A typical Derry lad
TWENTY-seven-year-old Micky Devine, from the Creggan in Derry city, was the
third INLA Volunteer to join the H-Block hunger strike to the death.
Micky Devine took over as O/C of the INLA blanket men in March when the then
O/C, Patsy O'Hara, joined the hunger strike but he retained this leadership
post when he joined the hunger strike himself.
Known as 'Red Micky', his nickname stemmed from his ginger hair rather than
his political complexion, although he was most definitely a republican
The story of Micky Devine is not one of a republican 'super-hero' but of a
typical Derry lad whose family suffered all of the ills of sectarian and
class discrimination inflicted upon the Catholic working-class of that city:
poor housing, unemployment and lack of opportunity.
Micky himself had a rough life.
His father died when Micky was a young lad; he found his mother dead when he
was only a teenager; married young, his marriage ended in separation; he
underwent four years of suffering 'on the blanket' in the H-Blocks; and,
finally, the torture of hunger-strike.
Unusually for a young Derry nationalist, because of his family's tragic
history (unconnected with 'the troubles'), Micky was not part of an extended
family, and his only close relatives were his sister Margaret, seven years
his elder, and now aged 34, and her husband, Frank McCauley, aged 36.
Michael James Devine was born on May 26th, 1954 in the Springtown camp, on
the outskirts of Derry city, a former American army base from the Second
World War, which Micky himself described as "the slum to end all slums".
Hundreds of families - 99% (unemployed) Catholics, because of Derry
corporation's sectarian housing policy - lived, or rather existed, in huts,
which were not kept in any decent state of repair by the corporation.
One of Micky's earliest memories was of lying in a bed covered in old coats
to keep the rain off the bed. His sister, Margaret, recalls that the huts
were "okay" during the summer, but they leaked, and the rest of the year
they were cold and damp.
Micky's parents, Patrick and Elizabeth, both from Derry city, had got
married in late 1945 shortly after the end of the Second World War, during
which Patrick had served in the British merchant navy. He was a coalman by
trade, but was unemployed for years.
At first Patrick and Elizabeth lived with the latter's mother in Ardmore, a
village near Derry, where Margaret was born in 1947. In early 1948 the
family moved to Springtown where Micky was born in May 1954.
Although Springtown was meant to provide only temporary accommodation,
official lethargy and sectarianism dictated that such inadequate housing was
good enough for Catholics and it was not until the early 'sixties that the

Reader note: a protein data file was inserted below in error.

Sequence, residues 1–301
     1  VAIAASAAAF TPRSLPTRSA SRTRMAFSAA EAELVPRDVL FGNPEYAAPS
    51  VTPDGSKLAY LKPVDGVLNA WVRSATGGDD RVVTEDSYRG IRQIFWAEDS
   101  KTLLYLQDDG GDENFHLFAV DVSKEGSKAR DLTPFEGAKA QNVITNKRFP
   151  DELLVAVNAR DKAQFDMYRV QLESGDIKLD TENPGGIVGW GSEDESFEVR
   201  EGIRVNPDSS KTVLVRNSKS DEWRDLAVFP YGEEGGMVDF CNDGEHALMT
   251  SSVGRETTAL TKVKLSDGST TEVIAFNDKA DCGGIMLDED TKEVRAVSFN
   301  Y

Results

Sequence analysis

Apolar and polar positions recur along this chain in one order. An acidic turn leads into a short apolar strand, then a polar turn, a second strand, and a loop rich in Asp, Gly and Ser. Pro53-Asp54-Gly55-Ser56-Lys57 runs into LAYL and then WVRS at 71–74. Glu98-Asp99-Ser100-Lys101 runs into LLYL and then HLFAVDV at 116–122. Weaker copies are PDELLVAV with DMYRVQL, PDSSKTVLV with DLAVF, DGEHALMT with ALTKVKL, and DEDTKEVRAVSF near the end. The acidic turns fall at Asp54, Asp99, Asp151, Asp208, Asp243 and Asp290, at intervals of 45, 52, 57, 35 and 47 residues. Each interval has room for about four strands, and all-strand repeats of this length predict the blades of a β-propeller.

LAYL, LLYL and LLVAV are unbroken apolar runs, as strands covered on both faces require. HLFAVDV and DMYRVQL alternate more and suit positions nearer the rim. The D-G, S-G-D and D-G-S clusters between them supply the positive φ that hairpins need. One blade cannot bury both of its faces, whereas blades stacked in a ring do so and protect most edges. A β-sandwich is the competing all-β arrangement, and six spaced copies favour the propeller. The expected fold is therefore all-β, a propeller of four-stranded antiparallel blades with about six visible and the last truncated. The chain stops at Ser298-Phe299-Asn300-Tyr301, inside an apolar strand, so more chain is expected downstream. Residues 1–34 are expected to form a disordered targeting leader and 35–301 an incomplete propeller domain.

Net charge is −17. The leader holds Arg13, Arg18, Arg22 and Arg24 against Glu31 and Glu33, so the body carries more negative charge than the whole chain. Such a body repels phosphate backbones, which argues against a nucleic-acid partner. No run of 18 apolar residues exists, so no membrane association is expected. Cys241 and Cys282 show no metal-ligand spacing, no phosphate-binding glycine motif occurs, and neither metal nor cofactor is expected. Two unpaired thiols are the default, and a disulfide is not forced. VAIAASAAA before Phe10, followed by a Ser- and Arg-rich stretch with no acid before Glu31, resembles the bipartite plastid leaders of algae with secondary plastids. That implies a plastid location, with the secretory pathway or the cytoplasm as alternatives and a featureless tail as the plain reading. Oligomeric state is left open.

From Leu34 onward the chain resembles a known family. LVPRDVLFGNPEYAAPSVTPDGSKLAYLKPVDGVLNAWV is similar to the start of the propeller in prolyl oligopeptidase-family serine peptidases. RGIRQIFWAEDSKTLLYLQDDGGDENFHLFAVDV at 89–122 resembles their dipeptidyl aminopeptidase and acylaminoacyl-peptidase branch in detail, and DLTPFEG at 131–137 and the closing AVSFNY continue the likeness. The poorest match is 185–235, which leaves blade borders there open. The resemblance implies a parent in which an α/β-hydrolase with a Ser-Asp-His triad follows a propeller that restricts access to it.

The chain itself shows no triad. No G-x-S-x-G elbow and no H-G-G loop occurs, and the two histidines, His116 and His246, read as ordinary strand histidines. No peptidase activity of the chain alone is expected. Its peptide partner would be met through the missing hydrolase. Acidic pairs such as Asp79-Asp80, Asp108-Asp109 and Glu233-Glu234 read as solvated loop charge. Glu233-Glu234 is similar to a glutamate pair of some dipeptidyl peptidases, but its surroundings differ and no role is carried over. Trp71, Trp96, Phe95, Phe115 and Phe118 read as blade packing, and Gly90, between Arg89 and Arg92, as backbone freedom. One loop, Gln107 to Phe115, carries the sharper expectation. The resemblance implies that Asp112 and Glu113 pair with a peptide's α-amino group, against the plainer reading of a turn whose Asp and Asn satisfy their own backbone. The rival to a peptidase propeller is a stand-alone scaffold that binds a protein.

camp was closed.
During the 'fifties, the Creggan was built as a new Catholic ghetto, but it
was 1960 before the Devines got their new home in Creggan, on the Circular
Road. Micky had an unremarkable, but reasonably happy childhood. He went to
Holy Child primary school in Creggan.
At the age of eleven Micky started at St. Joseph's secondary school in
Creggan, which he was to attend until he was fifteen.
But soon the first sad blow befell him. On Christmas eve 1965, when Micky
was aged only eleven, his father fell ill; and six weeks later, in February
1966, his father, who was only in his forties, died of leukaemia.
Micky had been very close to his father and his premature death left Micky
Five months later, in July 1966, his sister Margaret left home to get
married, whilst Micky remained in the Devines' Circular Road home with his
mother and granny.
At school Micky was an average pupil, and had no notable interests.
The first civil rights march in Derry took place on October 5th, 1968, when
the sectarian RUC batoned several hundred protesters at Duke Street.
Recalling that day, Micky, who was then only fourteen wrote:
"Like every other young person in Derry my whole way of thinking was tossed
upside down by the events of October 5th, 1968. I didn't even know there was
a civil rights march. I saw it on television.
"But that night I was down the town smashing shop windows and stoning the
RUC. Overnight I developed an intense hatred of the RUC. As a child I had
always known not to talk to them, or to have anything to do with them, but
this was different
"Within a month everyone was a political activist. I had never had a
political thought in my life, but now we talked of nothing else. I was by no
means politically aware but the speed of events gave me a quick education."
After the infamous loyalist attack on civil rights marchers in nearby
Burntollet, in January 1969, tension mounted in Derry through 1969 until the
August 12th riots, when Orangemen - Apprentice Boys and the RUC - attacked
the Bogside, meeting effective resistance, in the 'Battle of the Bogside'.
On two occasions in 1969 Micky ended up at the wrong end of an RUC baton,
and consequently in hospital.
That summer Micky left school. Always keen to improve himself, he got a job
as a shop assistant and over the next three years worked his way up the
local ladder: from Hill's furniture store on the Strand Road, to Sloan's
store in Shipquay Street, and finally to Austin's furniture store in the
Diamond (and one can get no higher in Derry, as a shop assistant).
British troops had arrived in August 1969, in the wake of the 'Battle of the
Bogside'. 'Free Derry' was maintained more by agreement with the British
army than by physical force, but of course there were barricades, and Micky
was one of the volunteers manning them with a hurley.
At that time, and during 1970 and 1971, Micky became involved in the civil
rights movement, and with the local (uniquely militant) Labour Party and the
The already strained relationship between British troops and the nationalist
people of Derry steadily deteriorated - reinforced by news from elsewhere,
especially Belfast - culminating with the shooting dead by the British army
of two unarmed civilians, Seamus Cusack and Desmond Beattie, in July of
1971, and with internment in August. Micky, by this time seventeen years of
age, and also politically maturing, had joined the 'Officials', also known
as the 'Sticks'.
He became a member of the James Connolly 'Republican Club' and then, shortly
after internment, a member of the Derry Brigade of the 'Official IRA'.